|April 21, 2009|
|Cutting 'City' Section is Bad Idea of New York Times|
|By Kevin McCauley|
|The New York Times is cutting sections of the paper to cut costs. It was announced last week that the Friday “Escapes” section is being put to bed. That makes great sense since many NYT readers are more concerned about escaping creditors rather than splurging for a vacation home on Costa Rica’s Gold Coast, which was a Page 1 story April 17. |
The Costa Rica masterpiece was a tough slog, especially when writer Perry Garfinkel reports “vacation home sales have been reduced to a ripple.” The Times helpfully informed Escapes fans they could opt to nestle into a gated community—though there was no word about moats to ensure locals are kept out.
A gated community fan noted: “These development owners spend many millions on infrastructure—water, roads, electricity, permits, which in a third world country like this can be a time- and money-consuming process.”
This blogger doesn’t bemoan the loss of Escapes and its condescending tone. Escapes was launched to capture the weekend jaunt market. There are far fewer jaunters around these hard days.
The upcoming loss of the Sunday “City” section, which had a skimpy eight pages yesterday, is a blow to readers. City does a good job in covering NYC neighborhoods outside the gilded island of Manhattan and hipster places like Brooklyn’s Williamsburg and Dumbo.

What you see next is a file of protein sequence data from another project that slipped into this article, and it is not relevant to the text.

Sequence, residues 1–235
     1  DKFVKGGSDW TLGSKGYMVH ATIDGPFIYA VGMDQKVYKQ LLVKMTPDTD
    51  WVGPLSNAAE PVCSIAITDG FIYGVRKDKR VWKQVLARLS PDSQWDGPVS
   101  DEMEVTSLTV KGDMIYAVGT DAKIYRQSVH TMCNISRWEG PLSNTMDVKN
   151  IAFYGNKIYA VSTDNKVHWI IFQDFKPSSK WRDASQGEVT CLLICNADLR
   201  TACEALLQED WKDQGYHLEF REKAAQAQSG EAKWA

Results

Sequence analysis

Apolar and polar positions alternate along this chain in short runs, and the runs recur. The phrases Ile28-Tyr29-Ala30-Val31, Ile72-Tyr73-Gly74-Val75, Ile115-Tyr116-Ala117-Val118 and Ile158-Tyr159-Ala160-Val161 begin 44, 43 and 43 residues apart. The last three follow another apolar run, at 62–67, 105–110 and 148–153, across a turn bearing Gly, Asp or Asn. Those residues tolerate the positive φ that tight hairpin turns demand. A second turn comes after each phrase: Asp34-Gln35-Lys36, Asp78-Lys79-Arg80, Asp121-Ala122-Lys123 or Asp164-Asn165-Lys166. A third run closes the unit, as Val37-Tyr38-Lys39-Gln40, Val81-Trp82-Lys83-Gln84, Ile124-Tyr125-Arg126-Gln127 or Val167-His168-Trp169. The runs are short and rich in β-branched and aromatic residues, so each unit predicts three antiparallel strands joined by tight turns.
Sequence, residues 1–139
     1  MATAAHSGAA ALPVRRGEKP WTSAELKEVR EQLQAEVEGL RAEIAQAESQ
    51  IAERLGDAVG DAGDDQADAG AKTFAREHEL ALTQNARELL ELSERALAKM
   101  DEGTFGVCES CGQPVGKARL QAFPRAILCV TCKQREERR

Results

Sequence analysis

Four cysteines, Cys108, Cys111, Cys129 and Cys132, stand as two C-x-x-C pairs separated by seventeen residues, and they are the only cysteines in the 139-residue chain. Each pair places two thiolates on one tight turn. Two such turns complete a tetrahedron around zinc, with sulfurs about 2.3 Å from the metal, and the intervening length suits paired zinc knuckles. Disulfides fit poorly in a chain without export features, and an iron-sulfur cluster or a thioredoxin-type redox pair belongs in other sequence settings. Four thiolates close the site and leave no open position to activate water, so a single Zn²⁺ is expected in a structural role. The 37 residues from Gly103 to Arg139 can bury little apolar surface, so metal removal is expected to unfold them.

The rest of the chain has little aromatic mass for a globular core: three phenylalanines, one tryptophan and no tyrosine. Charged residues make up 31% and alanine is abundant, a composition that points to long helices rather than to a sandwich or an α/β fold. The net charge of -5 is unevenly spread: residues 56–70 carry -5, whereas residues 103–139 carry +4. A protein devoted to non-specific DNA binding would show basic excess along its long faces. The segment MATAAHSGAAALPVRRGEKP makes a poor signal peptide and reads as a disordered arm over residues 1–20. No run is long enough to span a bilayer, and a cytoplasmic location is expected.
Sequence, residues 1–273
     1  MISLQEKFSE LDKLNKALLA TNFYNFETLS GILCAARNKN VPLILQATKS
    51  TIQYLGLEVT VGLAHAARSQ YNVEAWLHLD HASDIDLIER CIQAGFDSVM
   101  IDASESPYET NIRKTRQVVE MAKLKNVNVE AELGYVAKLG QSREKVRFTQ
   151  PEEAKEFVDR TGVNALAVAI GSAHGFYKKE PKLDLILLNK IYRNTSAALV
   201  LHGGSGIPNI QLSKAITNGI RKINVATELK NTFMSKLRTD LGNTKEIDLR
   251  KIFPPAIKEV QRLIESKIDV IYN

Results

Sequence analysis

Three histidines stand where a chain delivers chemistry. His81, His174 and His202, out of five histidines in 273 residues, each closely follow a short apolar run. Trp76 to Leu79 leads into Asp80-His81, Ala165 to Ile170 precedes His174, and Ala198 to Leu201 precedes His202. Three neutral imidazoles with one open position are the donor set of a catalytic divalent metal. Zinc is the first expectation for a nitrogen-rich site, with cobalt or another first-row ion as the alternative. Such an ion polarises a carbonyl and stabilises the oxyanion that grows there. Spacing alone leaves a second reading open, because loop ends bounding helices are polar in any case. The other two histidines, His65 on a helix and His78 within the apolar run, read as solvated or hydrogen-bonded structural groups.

NYT management should rethink cutting City. Isn’t hyper-local news coverage part of the industry’s survival plan?
The Times does promise to incorporate local news into its general coverage and put out “zoned” sections. That promise was made before, when the weekday standalone “Metropolitan” section was dropped.
NYC coverage is diminished with the loss of the Metro.
The NYT says it needs to save money. How about cutting the Sunday auto or travel section? Each had 12 pages on April 19. How about merging “Real Estate” with the quickly vanishing “Classified” section? The Times could really do a service by getting rid of the “Styles” section, a celebration of snark and out-of-control consumption. Snark and consumption have surely hit the road in these more serious and lean times.
Save the City. Cut Style.
(Image via Flickr)
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